But the Lemp family had more trouble ahead. In 1919, the Eighteenth Amendment to the Constitution was ratified, outlawing the manufacture, sale, and transportation of intoxicating liquors. The Lemp Brewery tried to keep operating with a nonalcoholic beer called Cerva but found it wasn’t profitable enough to sustain its huge brewery. The plant closed abruptly in June 1919. Billy simply gave up. All of the owners of the plant were family members who did not always see eye to eye, and they were all independently wealthy. None of them had the mettle to make it through Prohibition. Moreover, Billy had never modernized operations; he clung to traditional methods. On June 28, 1922, the buildings were sold at auction, mostly to International Shoe Company. Three years before, they had been estimated to be worth $7 million, but they sold for $585,000.

Despondent over having to dismantle his family’s business, Billy grew increasingly depressed. On December 29, 1922, putting a revolver to his chest, he shot himself through the heart in his office in the mansion where his father had committed suicide. Like his father and sister, he left no suicide note. Within minutes, his son, William J. Lemp III, was kneeling over his body, crying, “I was afraid this was coming.” Two days later, the funeral was held in the company offices where William senior’s services had taken place eighteen years earlier.

William III attempted unsuccessfully to revive Lemp beer after the repeal of Prohibition in 1933, even though Falstaff and the Lemp shield had been sold to Joe Griesedieck, who was making a go of it. In 1939, William entered into an agreement with Central Breweries of East St. Louis, Illinois, which changed its name to William J. Lemp Brewing Company. While initial sales figures looked good, a year and a half later the company went bankrupt. William III dropped dead of a heart attack at age forty-three in 1943.

     
   
Lemp family residence at 3322 South Thirteenth Street. Photograph by William Swekosky, 1940s. Missouri History Museum.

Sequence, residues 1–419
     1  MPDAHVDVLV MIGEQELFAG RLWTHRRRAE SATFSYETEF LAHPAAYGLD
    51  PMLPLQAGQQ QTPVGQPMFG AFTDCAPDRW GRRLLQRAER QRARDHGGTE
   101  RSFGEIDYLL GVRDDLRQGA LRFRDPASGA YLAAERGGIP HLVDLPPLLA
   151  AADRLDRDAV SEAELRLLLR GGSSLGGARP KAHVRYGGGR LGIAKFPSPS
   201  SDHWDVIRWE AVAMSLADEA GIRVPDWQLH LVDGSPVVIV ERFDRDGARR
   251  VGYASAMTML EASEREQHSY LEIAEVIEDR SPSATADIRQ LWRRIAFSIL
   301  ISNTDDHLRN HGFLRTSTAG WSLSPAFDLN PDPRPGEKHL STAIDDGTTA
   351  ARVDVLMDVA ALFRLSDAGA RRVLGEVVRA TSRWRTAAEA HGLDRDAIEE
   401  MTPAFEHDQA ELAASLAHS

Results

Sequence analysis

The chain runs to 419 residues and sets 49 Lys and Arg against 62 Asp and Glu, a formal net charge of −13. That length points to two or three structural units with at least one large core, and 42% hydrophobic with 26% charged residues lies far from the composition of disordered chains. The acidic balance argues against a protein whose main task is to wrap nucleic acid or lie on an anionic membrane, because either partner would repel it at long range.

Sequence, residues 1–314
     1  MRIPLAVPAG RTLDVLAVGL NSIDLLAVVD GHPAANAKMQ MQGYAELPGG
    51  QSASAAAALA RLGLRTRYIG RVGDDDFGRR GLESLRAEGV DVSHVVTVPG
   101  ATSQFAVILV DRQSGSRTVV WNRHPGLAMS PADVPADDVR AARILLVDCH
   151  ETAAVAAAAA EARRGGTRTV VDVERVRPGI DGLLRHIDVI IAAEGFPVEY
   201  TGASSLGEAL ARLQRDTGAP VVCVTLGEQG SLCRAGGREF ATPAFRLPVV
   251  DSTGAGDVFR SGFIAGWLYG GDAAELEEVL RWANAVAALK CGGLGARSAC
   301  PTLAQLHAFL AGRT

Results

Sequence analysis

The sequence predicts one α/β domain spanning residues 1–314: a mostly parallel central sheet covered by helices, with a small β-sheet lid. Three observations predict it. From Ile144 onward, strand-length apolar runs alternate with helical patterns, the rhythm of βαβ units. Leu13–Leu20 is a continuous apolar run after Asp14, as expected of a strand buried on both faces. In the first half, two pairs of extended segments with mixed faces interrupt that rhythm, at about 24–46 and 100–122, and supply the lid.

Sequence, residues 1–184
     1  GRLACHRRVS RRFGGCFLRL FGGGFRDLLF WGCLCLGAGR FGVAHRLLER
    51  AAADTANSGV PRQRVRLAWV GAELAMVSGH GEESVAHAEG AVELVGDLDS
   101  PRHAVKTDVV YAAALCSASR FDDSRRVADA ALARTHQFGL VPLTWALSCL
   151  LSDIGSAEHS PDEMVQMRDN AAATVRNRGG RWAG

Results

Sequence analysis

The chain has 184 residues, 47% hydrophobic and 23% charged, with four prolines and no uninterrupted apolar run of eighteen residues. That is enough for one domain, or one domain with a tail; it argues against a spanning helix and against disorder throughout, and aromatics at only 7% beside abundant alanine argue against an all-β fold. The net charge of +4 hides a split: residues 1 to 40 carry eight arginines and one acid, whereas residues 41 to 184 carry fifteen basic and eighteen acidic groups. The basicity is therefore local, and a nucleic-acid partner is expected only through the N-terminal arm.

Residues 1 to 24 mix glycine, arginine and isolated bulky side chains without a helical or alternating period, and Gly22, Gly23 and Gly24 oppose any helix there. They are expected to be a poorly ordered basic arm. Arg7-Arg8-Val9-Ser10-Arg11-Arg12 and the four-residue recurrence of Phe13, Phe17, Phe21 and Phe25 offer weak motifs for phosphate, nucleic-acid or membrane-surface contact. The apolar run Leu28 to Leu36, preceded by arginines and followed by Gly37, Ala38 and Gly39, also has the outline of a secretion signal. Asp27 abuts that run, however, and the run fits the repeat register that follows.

Charles Lemp, Billy’s brother, was the fourth family suicide. While he had been treasurer and later vice president of the brewery, he withdrew from the family business and went into banking. In 1911, he moved out of the family mansion and into the Racquet Club. In 1929, still unmarried, he moved back into the Lemp mansion. He became increasingly reclusive, arthritic, and ill. At age seventy-seven, he, too, took his life. On May 10, 1949, he lay down in bed and put a bullet through his head. He was the only Lemp to leave a suicide note, which read: “In case I am found dead, blame it on no one but me.” He had prepaid for his funeral and requested that his ashes be buried at his farm.

The fortunes of the Lemp mansion have ebbed and flowed similarly to those of the family. The year after Charles died, the once elegant mansion was turned into a boardinghouse. In 1975, Richard D. Pointer and family bought the boardinghouse and renovated it to become a restaurant. In 1980, Life magazine included the Lemp mansion in an article on America’s nine most haunted houses. Almost everyone involved with the house has had an encounter with a ghost, all of them friendly. Elizabeth Benoist imagines “it must be the Lavender Lady and Charlie that haunt it. They were both so unhappy, maybe they’re still down there, looking for the happiness they never found while they were alive.”